Cho’s father apologized to Park in court last week and promised he would not be reprimanded over the incident.


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The 32 Most Surprising Photos of the Month

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Phil Bicker, who edited this photo essay, is a Senior Photo Editor at TIME

TIME North Korea

Lil’ Kim’s Dad ‘Wanted $10 Billion to Hold a Summit with South Korea’

North Korea's leader Kim Jong-Il  speaks
DMITRY ASTAKHOV—AFP/Getty Images North Korea's leader Kim Jong-Il speaks with Russian President Dmitry Medvedev (not pictured) during their meeting at Sosnovy Bor Military Garrison, Zaigrayevsky District, Buryatia outside Ulan-Ude on August 24, 2011.

Apparently, you can put a price on peace

In 2009, North Korea’s supreme leader Kim Jong Il set steep demands for holding a summit with the South, including $10 billion and half a million tons of food, according to former South Korean President Lee Myung-bak in a new book.

“The document [of demands] looked like some sort of standardized ‘summit bill’ with its list of assistance we had to provide and the schedule written up,” said Lee in extracts seen by Reuters, referring to Pyongyang’s request for 800,000 combined tons of rice, corn and fertilizer. “We shouldn’t be haggling for a summit.”

Upon receipt of Kim’s demands, Lee says he chose not to acquiesce, scuppering prospects for negotiations between the long-time foes.

While North and South Korea have officially been at war since 1950 — separated by a slender buffer known as the Korean Demilitarized Zone — talks have occasionally been held, and new summits are intermittently proposed. Current North Korean ruler Kim Jong Un and South Korean President Park Geun-hye have not outright rejected the possibility of a meeting this year.


TIME South Korea

South Korea’s President Will Hold Talks With the North Without Conditions

Jung Yeon-Jemdash — AFP/Getty Images South Korean President Park Geun-Hye speaks during her New Year press conference at the presidential Blue House in Seoul on Jan. 12, 2015.

The pledge follows recent overtures made by Kim Jong Un

South Korean President Park Geun-hye announced during a nationally televised address on Monday that she’s willing to hold a summit with North Korean strongman Kim Jong Un without any pre-conditions.

“My position is that to ease the pain of division and to accomplish peaceful unification, I am willing to meet with anyone,” said Park. “If it is helpful, I am up for a summit meeting with the North. There is no pre-condition.”

Park’s pledge follows similar overtures made by Kim Jong Un during his New Year’s address.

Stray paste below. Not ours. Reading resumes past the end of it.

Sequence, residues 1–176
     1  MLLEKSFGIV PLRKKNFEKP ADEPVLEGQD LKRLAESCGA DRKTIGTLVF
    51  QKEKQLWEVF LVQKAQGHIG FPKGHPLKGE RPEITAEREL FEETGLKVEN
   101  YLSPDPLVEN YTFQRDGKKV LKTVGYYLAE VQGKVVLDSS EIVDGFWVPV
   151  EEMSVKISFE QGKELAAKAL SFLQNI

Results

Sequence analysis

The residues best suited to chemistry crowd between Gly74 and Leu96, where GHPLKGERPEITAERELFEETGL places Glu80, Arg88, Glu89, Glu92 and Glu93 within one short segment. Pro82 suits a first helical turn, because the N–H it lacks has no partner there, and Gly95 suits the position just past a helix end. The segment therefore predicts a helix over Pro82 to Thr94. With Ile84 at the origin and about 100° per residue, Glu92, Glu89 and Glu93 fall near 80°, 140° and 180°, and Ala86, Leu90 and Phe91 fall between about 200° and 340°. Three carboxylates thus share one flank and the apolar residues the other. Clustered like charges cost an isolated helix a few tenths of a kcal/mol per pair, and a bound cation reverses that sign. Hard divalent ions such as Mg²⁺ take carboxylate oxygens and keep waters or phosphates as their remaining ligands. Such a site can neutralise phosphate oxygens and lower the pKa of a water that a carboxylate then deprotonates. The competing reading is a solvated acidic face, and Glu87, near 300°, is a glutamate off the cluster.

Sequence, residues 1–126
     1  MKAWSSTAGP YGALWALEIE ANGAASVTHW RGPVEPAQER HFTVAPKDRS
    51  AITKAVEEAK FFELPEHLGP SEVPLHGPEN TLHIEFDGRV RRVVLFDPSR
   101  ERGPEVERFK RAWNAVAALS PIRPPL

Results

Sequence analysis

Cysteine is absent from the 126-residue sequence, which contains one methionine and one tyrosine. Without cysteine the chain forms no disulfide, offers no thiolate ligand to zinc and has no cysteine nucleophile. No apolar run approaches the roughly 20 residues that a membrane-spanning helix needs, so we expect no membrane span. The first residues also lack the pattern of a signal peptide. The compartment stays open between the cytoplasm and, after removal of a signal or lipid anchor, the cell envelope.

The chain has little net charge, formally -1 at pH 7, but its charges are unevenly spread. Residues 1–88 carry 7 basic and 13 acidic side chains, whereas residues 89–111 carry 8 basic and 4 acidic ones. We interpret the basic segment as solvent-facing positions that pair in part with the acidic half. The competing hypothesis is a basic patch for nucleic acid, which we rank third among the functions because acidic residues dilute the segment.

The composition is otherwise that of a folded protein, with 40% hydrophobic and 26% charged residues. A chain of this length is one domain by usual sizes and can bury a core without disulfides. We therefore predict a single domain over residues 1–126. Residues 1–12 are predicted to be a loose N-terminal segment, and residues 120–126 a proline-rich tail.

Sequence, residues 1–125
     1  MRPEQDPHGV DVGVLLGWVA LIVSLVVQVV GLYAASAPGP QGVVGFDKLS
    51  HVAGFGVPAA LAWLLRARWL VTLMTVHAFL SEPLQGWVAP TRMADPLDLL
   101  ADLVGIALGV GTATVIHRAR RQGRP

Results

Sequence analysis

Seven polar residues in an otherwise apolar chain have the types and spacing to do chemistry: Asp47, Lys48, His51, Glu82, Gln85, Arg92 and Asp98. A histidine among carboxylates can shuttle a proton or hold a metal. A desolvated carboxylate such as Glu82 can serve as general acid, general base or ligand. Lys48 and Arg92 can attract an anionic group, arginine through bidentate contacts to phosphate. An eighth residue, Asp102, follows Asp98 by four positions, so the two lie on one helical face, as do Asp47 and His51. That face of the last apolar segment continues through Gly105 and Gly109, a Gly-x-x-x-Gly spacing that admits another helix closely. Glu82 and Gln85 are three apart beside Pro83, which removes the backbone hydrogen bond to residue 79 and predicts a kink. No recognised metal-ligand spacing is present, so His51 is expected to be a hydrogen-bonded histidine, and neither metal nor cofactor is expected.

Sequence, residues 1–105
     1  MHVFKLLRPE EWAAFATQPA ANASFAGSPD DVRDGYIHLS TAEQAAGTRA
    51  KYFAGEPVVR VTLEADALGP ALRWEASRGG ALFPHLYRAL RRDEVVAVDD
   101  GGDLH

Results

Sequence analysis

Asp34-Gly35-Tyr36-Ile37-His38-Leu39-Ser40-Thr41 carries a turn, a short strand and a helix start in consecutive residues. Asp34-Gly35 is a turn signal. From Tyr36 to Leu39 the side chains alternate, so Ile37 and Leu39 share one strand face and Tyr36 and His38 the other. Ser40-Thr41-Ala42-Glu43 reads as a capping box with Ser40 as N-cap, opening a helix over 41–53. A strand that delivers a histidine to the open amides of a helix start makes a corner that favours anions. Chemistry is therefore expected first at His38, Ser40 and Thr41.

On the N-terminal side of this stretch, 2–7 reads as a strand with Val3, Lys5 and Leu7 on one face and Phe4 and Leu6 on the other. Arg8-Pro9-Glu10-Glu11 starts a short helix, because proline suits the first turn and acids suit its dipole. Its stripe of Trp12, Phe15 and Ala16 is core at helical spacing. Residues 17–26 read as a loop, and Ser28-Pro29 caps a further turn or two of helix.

“Depending on the mood and circumstances to be created, we have no reason not to hold the highest-level talks,” said Kim.

Since the war between Seoul and Pyongyang was suspended by an armistice in 1953, South Korea’s and North Korea’s leaders have only met on two occasions — in 2000 and 2007.


TIME South Korea

Seoul Could Deport an American Author for Praising North Korea

South Korea American's Deportation
Park Ji-ho — AP California resident Shin Eun-mi talks to reporters at Seoul District Prosecutors' Office in Seoul on Jan. 7, 2015

Apparently, you're not allowed to say that North Korean beer tastes good

A Korean-American author living in South Korea faces deportation after making supposedly pro-Pyongyang comments during a lecture late last year — including a remark about the Hermit Kingdom’s palatable beer.

On Thursday, prosecutors called on the Korea Immigration Service to deport Shin Eun-mi for violating the state’s security laws, according to the Associated Press.

South and North Korea have agreed an armistice but are still technically at war. This means that comments overtly complementary of communist-ruled North Korea are viewed very seriously in the South and can be punished by up to seven years in prison.

Shin reportedly said during a lecture in November that many North Korea defectors had a desire to return home one day and claimed that the rivers in the People’s Democratic Republic were much less polluted than those in South Korea. She also lauded the taste of North Korea’s state-produced lager.

The California resident has made several trips north of the 38th parallel and writes frequently about her experiences visiting North Korea for online news outlets. She published a book about the country that appeared on a government-designated reading list in 2013.


TIME South Korea

Korean Air’s ‘Nut Rage’ Executive Is Facing Serious Charges

Cho Hyun-ah
Ahn Young-joon—AP Cho Hyun-ah, center, former vice president of Korean Air Lines, arrives at the Seoul Western District Prosecutors' Office in Seoul on Dec. 30, 2014

"Nut rage," punishable by up to 15 years in prison, doesn't pay

South Korean prosecutors filed charges against the daughter of the chairman of Korean Air Lines on Wednesday for delaying a flight — and, prosecutors allege, endangering its safety — because she was unhappy about how she was served nuts.

Police have held Heather Cho Hyun-ah, formerly head of in-flight service at her father’s airline, in custody since Dec. 30, after she threw a tantrum when a flight attendant gave her macadamia nuts in a bag, not on a dish. Dubbing the fiasco the nut-rage incident, media have struggled to decide if it should inspire disgust over the entitlement of South Korea’s ultra-rich or a chuckle at their expense.

Yet the charges against Cho, who has resigned from her posts at the South Korean airline, are anything but chuckle-worthy. They include violations of aviation-safety regulations for allegedly disrupting the South Korea–bound plane’s flight plan by forcing it to return to New York City’s John F. Kennedy airport shortly after leaving the gate. The Financial Times reports that Cho, if convicted, could face up to 15 years in prison.

Read next: Prosecutors Seek Arrest for Korean Air Nut Rage Executive